from The American Heritage® Dictionary of the English Language, 5th Edition.
- noun A waterproof overshoe.
- noun Obsolete A sturdy heavy-soled boot or shoe.
from The Century Dictionary.
- noun A kind of clog or patten worn in the middle ages as a protection against wet, and common, because of the practice of making shoes of cloth, silk, or the like, or of ornamental leather.
- noun In present use, any overshoe; a rubber: usually in the plural.
- To protect with a partial covering, edging, or the like of strong or water-proof material, as a shoe.
from the GNU version of the Collaborative International Dictionary of English.
- noun Same as
- noun A strip of material, as leather, running around a shoe at and above the sole, as for protection or ornament.
from Wiktionary, Creative Commons Attribution/Share-Alike License.
- noun UK A
waterproof overshoeused to provide protectionfrom rainor snow.
- noun US A
waterproof rubberboot, intended to be worn in wetor muddyconditions.
from WordNet 3.0 Copyright 2006 by Princeton University. All rights reserved.
- noun a waterproof overshoe that protects shoes from water or snow
from The American Heritage® Dictionary of the English Language, 4th Edition
from Wiktionary, Creative Commons Attribution/Share-Alike License
The most extensive "galosh" factory in Russia, which is said to be the largest in the world, is reclaiming rubber according to American methods.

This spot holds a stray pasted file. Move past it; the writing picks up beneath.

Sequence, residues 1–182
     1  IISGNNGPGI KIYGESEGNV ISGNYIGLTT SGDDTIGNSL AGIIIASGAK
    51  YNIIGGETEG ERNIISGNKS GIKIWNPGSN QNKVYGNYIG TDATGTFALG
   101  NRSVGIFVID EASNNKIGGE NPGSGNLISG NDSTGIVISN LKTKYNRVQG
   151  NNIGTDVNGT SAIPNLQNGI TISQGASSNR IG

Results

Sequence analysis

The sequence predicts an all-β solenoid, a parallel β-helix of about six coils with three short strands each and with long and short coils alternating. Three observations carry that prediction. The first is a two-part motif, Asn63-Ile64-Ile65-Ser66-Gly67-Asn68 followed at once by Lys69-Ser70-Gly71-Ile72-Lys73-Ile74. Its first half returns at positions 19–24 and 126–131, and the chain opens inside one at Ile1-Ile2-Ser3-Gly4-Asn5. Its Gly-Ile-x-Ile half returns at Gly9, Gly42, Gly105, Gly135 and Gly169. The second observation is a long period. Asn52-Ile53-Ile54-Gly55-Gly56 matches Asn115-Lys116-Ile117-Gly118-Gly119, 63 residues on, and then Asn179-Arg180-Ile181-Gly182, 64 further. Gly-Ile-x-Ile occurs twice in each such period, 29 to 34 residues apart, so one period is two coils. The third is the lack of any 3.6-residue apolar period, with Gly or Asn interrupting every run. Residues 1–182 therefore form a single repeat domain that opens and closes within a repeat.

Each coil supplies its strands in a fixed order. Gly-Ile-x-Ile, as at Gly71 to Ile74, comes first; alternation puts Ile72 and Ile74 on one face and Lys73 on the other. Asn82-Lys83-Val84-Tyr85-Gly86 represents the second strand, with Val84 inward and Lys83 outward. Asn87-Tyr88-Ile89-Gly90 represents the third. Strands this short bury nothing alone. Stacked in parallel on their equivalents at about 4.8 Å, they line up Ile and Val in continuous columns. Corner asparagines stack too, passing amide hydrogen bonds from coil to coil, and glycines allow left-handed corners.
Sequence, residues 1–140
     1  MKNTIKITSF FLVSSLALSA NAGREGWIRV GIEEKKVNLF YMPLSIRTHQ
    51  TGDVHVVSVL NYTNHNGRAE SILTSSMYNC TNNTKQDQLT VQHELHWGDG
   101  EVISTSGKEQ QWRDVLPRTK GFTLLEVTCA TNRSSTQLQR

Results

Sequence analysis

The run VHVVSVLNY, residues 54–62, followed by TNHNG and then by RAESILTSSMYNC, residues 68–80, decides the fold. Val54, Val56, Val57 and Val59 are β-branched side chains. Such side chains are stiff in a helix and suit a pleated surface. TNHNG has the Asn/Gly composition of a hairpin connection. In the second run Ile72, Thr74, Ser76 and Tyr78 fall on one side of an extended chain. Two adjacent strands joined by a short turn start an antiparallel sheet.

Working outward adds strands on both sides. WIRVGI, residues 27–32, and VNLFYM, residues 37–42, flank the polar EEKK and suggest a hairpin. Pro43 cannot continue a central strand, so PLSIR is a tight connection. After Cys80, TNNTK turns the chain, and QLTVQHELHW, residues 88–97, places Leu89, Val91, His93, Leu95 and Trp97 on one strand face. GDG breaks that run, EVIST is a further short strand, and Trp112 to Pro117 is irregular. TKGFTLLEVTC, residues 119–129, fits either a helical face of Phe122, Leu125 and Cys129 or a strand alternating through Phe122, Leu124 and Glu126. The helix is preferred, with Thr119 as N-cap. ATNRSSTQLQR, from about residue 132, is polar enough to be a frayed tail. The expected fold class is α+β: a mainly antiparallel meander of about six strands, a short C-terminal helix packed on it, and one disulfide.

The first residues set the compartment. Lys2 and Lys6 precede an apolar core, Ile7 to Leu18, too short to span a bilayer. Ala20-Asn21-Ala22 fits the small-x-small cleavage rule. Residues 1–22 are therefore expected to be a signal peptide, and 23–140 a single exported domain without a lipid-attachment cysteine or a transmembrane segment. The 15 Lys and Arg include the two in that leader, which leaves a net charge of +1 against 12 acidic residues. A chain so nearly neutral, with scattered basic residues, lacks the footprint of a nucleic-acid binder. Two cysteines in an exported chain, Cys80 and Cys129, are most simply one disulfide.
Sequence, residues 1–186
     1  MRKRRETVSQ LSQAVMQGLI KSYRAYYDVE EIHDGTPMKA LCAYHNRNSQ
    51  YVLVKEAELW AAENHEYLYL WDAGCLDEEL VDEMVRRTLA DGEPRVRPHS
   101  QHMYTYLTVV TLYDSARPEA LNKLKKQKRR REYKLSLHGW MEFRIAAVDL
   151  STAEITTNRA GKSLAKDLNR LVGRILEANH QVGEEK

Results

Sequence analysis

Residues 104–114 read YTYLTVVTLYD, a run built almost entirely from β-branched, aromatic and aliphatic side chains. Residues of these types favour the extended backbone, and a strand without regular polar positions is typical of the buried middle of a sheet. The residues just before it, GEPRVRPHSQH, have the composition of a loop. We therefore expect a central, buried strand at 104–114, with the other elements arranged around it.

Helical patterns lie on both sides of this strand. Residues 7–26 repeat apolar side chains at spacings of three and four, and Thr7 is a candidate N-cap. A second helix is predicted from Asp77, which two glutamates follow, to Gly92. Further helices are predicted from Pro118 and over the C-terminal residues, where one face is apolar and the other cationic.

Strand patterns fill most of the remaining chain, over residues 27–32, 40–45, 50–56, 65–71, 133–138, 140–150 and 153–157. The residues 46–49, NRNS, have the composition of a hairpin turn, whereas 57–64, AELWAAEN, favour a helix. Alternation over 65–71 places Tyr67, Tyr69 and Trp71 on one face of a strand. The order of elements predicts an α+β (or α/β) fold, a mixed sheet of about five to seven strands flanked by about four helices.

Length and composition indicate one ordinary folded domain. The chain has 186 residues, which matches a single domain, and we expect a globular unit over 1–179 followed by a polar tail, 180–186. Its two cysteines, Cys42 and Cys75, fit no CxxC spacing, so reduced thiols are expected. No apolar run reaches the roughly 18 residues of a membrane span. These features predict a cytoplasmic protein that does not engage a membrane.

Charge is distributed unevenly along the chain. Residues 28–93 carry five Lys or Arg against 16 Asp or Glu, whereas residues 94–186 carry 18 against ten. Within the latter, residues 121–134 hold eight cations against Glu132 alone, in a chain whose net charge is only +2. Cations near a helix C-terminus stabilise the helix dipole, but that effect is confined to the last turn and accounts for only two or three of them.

Romain Gary wrote of a boy who proves his love for a girl by eating a galosh.
Yet nothing yells galosh like sloppy weather, and this year's has been so sloppy that galosh visionaries believe April showers may finally be coming their way.
With unprotected pedestrian activity rife in cities, a galosh revival is afoot.
"The Galosh," by Mikhail Zoshchenko, is about a man who loses a galosh on a train.
"Overshoes are fresh in people's minds," says Tingley's marketing manager, Jim Towey, who puts nonfarm galosh sales in the tens of thousands.
Mr. Ringdal is 31 and lives in Norway, where the galosh, he says, "is an old-guy accessory."
A galosh While Mr. Chisena's modern galoshes evolved in America, they're linguistically Gallic and culturally Slavic.
In standard practice, a sneakered foot is first placed inside a plastic bag, enabling it to slide into a galosh.
Rebecca Miller, a Chicago galosh champion, wants women to put the shoes back on.